In practice, a fuel cell such as a DMFC must be operated at variable temperatures. If the operational temperature of the DMFC is reduced, the temperature drops in the anode chamber 20. If the vapor mixture in the evaporation chamber is sufficiently supercooled, a fog may be formed and fall on the evaporation pad 30. This also causes water accumulation on the evaporation pad 30.

FIG. 2 depicts the evaporative behavior of methanol and water. As is depicted, methanol vapor pressure increases exponentially with increases in the temperature of the liquid fuel source; therefore, small temperature increases can cause significant increases in methanol vapor pressure, resulting in greater production of methanol vapor in the anode chamber 20. Secondly, methanol vapor pressure is much higher than that of water in the temperature range of portable fuel cell applications such as DMFC applications (operation temperature usually lower than 60° C.); the saturation pressure of methanol/water solution is dominated by methanol partial pressure. Provided the total saturation vapor pressure (methanol and water vapor) exceeds the aqueous methanol solution Ptot, as described by Raoult's law, the total vapor pressure is: Ptot=(1−x)PM+xPW, where x is the mole fraction of water in the solution, and PW and PM are pure water and methanol saturate vapor pressure, respectively. From this equation, it is clear that water accumulation in the evaporation pad 30 will reduce methanol vapor pressure linearly. As more and more water accumulates, the rate of methanol evaporation from the evaporation pad will be diminished.

As the evaporation process occurs in the evaporation pad 30, its temperature is decreased. Evaporation pad 30 will absorb heat from surrounding gases by convection, which is generally a bottleneck in the evaporation processes. Additional heat may be transferred to the evaporation pad in order to: (1) heat the surface of the evaporation pad, (2) heat the liquid in the evaporation pad, or (3) remove water in the evaporation pad. To avoid vapor condensation, the surface of the evaporation pad 30 should be heated to a temperature above the dew point. Increasing the temperature of the liquid in the evaporation pad 30 can increase the production of the fuel vapor. Also, water can be easily vaporized at an elevated temperature if it does exist in the evaporation pad.

Additional heat can be added to the evaporation pad by several approaches, such as an electronic device, reuse of waste heat, and use of heat produced from catalytically burning of fuel.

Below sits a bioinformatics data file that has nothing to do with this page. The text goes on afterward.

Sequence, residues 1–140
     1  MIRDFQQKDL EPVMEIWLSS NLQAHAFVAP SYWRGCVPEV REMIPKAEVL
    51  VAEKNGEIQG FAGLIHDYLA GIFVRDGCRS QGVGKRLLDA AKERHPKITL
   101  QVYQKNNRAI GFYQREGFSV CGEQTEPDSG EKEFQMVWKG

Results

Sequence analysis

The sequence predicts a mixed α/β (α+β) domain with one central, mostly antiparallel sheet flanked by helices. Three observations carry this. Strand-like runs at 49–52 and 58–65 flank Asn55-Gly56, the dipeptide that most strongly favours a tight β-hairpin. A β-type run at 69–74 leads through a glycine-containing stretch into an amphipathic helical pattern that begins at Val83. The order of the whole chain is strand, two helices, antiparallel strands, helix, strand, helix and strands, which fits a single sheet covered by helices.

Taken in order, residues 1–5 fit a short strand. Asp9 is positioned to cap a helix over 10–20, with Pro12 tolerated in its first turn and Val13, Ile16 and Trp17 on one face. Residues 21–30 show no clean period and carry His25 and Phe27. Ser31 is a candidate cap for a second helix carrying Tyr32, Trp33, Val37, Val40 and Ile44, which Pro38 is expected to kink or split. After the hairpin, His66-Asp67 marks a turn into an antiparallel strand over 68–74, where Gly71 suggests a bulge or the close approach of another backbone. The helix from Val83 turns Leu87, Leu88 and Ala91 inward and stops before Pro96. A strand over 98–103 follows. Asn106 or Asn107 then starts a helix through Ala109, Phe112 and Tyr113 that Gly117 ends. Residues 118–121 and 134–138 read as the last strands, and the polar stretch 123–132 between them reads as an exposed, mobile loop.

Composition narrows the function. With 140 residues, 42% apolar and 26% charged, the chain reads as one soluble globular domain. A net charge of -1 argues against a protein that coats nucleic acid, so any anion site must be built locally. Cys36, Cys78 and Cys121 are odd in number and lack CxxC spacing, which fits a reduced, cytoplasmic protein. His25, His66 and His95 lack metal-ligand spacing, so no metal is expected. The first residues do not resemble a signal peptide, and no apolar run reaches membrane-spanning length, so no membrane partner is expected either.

As depicted in FIG. 4, the electrical heating approach is relatively simple in implementation. For example, a small, thin film heater 110 can be inserted in the evaporation pad 30 as depicted in FIG. 4 and in FIG. 12A. The electrical source 112 to drive the heater 110 can be either an external source or the fuel cell itself.

Additionally or alternatively, as depicted in FIG. 12B, a cartridge heater 108 can be provided and fuel can be preheated by wrapping fuel delivery wick 42 about cartridge heater 108.

To calculate the electrical energy needed in this process, it can be assumed that the electrical power source 112 provides heat for only methanol vaporization. The methanol latent heat of vaporization is the dominating term in the process, which is 37.5 kJ/mol at 25° C. The total energy released from 1.0 mol of methanol is about 726.6 kJ under standard conditions at 25° C. The electric energy provided to vaporize methanol is equivalent to approximately 5% energy content in methanol, which also means that the system conversion efficiency is reduced at least 5%.

In accordance with another embodiment of the invention, this fuel cell efficiency loss is eliminated by reusing the waste heat from the fuel cell or the electronic device powered by the fuel cell. In a passive DMFC being operated at ambient temperature, the electrodes' temperatures can reach 30-50° C. and the system conversion efficiency is typically less than 30%. Therefore, more than 70% of energy content in methanol is converted into heat and released to the ambient air, which is sufficient for vaporizing methanol even with low waste heat utilization efficiency. As waste heat is generated in the fuel cell electrodes, it is also the hottest region in a fuel cell such as a passive DMFC.

As disclosed in FIGS. 5 and 13, a passive heat transfer structure 120 including, for example, various combinations of heat spreaders 122 or heat pipes 124 are utilized to collect the waste heat from the anodic electrode 60 and then transfer it to the evaporation pad 30. It is most advantageous to transfer enough heat to vaporize methanol with a minimal temperature gradient.